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Title: Experience-dependent regulation of functional maps & protein expression in visual cortex
Author: Jaffer, Sajjida
ISNI:       0000 0004 2748 5896
Awarding Body: Cardiff University
Current Institution: Cardiff University
Date of Award: 2009
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Despite great progress in understanding of how experience modifies cortical circuitry in primary visual cortex (VI), the underlying physiological and molecular mechanisms still remain to be understood fully. Although some of the molecules associated with the critical period for ocular dominance plasticity in cats have been examined, the role of downstream signalling molecules that form pathways with receptor subunits has received scant attention. The present study demonstrates using optical imaging of intrinsic signals that sensory experience is not required for initial establishment of ocular dominance column layout and iso-orientation domains but is required for maintenance of these properties its absence leads to their eventual breakdown. Animals were sacrificed and VI was removed and homogenised, followed by immunoblotting for quantification of protein expression. The immunoblotting findings point to a set of proteins (including NR2A, PSD-95, aCaMKQ, NR2B and GABAAala) that are regulated developmentally and the effects of dark-rearing indicate that sensory activity regulates mechanisms associated with both excitatory (NR2A and NR2B) and inhibitory (GABAAala) transmission and synaptogenesis (synaptogenesis) so as to maintain a homeostatic balance. Pattern or form information is necessary in both eyes to maintain normal maps in both eyes while differences in illumination between two eyes did not affect ocular dominance and orientation maps in normally reared or in dark-reared cats subsequently exposed to light. Monocular deprivation (MD) for 2 days and 7 days resulted in similar depression of deprived eye responses. In contrast, potentiation of non-deprived eye responses was almost double in magnitude after 7 days compared to 2 days of MD. The immunoblotting findings demonstrate that MD regulates signalling molecules (PSD-95, aCaMKH and synGAP) downstream of NMD A receptors and GluRl subunit it appears that different mechanisms are activated depending on the nature of sensory experience.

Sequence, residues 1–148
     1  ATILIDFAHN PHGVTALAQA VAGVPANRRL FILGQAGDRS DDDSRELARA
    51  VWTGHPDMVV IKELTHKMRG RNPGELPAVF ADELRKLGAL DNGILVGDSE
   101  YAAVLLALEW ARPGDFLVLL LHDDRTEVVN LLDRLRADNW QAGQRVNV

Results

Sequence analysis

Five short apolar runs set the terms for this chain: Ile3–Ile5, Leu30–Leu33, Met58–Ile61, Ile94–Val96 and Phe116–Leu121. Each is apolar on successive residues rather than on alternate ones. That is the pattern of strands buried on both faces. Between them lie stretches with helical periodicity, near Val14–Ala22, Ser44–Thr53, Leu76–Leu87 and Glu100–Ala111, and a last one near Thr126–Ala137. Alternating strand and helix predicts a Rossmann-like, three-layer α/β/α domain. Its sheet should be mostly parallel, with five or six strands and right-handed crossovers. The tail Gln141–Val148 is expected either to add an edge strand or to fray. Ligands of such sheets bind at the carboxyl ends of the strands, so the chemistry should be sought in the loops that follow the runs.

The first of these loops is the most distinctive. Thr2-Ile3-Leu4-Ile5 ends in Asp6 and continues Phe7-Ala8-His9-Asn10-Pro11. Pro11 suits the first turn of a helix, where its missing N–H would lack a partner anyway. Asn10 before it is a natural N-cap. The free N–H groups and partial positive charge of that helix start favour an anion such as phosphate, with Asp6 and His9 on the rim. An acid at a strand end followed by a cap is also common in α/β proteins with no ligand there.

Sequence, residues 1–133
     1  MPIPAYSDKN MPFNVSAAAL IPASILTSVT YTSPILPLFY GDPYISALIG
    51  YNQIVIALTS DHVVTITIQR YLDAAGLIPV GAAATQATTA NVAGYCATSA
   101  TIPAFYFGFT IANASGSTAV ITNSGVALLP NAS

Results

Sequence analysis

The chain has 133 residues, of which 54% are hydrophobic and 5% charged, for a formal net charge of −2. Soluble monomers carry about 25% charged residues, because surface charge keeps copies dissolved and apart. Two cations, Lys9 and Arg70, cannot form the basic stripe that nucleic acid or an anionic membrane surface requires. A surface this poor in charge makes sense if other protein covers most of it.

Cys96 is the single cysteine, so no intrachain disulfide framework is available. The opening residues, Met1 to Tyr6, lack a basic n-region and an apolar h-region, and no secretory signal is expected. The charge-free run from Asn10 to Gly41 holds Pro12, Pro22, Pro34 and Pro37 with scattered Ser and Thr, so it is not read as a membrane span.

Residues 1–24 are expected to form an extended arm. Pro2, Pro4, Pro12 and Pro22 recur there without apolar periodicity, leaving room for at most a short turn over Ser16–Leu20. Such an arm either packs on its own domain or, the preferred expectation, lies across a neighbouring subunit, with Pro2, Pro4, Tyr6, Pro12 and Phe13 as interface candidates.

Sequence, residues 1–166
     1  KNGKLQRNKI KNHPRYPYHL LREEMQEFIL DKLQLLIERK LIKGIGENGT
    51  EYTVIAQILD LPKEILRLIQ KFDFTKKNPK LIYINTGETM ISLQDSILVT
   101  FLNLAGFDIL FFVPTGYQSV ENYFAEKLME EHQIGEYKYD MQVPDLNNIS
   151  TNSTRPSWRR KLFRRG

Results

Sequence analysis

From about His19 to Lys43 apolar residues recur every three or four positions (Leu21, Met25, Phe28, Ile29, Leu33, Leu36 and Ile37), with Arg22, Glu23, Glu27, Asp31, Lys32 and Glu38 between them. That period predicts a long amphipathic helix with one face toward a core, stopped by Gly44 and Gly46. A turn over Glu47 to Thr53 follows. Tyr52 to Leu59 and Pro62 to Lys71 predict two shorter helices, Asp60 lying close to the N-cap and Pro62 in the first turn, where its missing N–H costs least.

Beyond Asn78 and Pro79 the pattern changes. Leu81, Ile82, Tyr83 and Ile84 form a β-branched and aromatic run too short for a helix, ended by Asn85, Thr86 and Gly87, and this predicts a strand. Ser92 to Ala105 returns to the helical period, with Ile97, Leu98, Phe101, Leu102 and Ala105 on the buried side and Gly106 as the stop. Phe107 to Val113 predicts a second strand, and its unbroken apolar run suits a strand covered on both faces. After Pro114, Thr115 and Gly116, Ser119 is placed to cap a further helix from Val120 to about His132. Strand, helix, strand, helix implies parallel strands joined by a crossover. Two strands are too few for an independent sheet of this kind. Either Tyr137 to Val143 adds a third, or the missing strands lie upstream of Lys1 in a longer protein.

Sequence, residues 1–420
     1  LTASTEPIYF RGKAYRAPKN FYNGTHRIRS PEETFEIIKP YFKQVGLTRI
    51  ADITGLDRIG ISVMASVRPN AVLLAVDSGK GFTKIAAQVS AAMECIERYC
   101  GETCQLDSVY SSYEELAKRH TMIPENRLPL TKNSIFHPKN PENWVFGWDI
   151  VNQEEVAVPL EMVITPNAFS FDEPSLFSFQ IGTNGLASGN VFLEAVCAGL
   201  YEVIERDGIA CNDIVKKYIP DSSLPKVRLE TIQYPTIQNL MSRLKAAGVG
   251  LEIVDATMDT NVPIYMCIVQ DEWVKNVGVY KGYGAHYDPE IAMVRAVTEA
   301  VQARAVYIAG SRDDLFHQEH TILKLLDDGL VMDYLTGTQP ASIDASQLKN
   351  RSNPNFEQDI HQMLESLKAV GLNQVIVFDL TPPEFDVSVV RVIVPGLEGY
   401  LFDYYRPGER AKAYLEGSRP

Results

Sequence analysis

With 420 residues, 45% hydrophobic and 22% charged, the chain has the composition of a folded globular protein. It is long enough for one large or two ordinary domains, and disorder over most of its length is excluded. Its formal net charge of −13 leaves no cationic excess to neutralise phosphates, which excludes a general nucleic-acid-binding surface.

Supervisor: Not available Sponsor: Not available
Qualification Name: Thesis (Ph.D.) Qualification Level: Doctoral
EThOS ID:  DOI: Not available